Several lawmakers have recently expressed interest in broadening the use of expedited removal, which allows the government to immediately send home illegal aliens who lack proper documentation, or have committed fraud or willful misrepresentation of facts, without further hearings or review, unless the alien indicates a fear of persecution.
The government can use expedited removal against illegal aliens at ports of entry and those found within 100 miles of the Southwest border. The Homeland Security Department expanded the use of the procedure last month to include all border patrol sectors along the Southwest and Northern borders. Some say the authority should be applied to illegal aliens caught anywhere within the country, CRS noted in the report.
"There have been discussions about expanding expedited removal to include all groups authorized under statute," CRS stated. "Aliens who had illegally entered the United States and could not prove that they had been continuously present for more than two years would be detained and removed without hearings or review unless they claimed asylum."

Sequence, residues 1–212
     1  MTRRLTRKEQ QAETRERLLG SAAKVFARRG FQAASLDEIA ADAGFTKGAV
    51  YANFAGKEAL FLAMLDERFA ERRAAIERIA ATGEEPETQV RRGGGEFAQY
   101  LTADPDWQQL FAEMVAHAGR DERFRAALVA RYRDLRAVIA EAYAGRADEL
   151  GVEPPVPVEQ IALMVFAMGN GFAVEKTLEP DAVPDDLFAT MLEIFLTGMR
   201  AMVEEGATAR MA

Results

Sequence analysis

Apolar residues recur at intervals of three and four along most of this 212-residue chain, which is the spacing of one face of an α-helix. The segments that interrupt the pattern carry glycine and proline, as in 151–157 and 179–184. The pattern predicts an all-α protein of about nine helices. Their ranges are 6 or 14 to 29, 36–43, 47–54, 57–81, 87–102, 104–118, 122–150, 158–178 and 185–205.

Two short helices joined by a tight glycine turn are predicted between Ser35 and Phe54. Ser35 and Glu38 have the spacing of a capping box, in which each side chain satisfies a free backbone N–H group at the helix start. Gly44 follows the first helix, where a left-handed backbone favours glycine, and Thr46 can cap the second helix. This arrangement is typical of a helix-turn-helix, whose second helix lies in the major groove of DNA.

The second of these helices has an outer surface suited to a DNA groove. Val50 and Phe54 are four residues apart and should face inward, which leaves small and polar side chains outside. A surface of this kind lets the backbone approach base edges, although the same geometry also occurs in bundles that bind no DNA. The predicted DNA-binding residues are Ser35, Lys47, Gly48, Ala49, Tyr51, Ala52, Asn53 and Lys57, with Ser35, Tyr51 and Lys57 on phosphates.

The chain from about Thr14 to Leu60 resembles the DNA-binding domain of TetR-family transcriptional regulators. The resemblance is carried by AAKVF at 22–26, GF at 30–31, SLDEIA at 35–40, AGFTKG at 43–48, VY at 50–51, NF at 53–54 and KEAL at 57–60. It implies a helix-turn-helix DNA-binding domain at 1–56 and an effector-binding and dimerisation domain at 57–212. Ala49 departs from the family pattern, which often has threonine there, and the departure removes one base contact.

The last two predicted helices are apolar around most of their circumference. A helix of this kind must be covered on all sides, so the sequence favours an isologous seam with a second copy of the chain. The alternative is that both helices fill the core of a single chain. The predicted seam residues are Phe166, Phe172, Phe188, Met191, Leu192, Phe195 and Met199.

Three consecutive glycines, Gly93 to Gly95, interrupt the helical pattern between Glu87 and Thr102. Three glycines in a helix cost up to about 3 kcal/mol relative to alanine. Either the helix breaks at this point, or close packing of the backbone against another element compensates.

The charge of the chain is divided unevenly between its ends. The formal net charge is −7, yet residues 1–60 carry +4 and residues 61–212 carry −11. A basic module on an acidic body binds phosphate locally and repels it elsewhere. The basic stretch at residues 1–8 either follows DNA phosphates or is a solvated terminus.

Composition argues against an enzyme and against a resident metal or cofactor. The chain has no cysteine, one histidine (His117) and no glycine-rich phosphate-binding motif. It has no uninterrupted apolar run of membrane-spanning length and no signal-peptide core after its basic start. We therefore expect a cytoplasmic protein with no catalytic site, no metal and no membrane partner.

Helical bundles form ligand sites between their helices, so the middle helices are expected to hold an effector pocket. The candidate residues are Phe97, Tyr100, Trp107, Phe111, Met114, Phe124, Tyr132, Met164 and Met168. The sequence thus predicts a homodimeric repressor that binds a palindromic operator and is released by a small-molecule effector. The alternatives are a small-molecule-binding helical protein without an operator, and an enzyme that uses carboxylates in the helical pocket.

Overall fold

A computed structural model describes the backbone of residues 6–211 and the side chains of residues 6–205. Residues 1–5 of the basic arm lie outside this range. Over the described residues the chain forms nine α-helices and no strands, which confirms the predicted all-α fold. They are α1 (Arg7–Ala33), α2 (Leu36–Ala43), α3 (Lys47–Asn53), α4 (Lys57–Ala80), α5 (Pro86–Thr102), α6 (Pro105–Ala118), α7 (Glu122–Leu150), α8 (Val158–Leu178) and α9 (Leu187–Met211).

"Whether the policy should be made mandatory and extended into the interior of the country is emerging as an issue," the report stated. "Expanding expedited removal raises a set of policy, resource and logistical questions."
Issues cited include: due process for illegal aliens, the protection of rights, cost and resources, and coordination between the Homeland Security Department's Immigration and Customs Enforcement and Customs and Border Protection bureaus.
"Proponents of expanding expedited removal point to the lengthy procedural delays and costs of the alien removal process," the report stated. "They argue that aliens who entered the country illegally should not be afforded the due process and appeals that those who entered legally are given under the law … Advocates for requiring mandatory expedited removal further maintain that it is an essential policy tool to handle the estimated 10.4 million unauthorized aliens in the United States as of 2004."
Opponents argue that an expansion would present "significant logistical problems," CRS added. "They cite increased costs caused by mandatory detention and the travel costs of repatriation. They also express concern that apprehended aliens will not be given ample opportunity to produce evidence that they are not subject to expedited removal."
The report did not draw any policy conclusions or make any recommendations.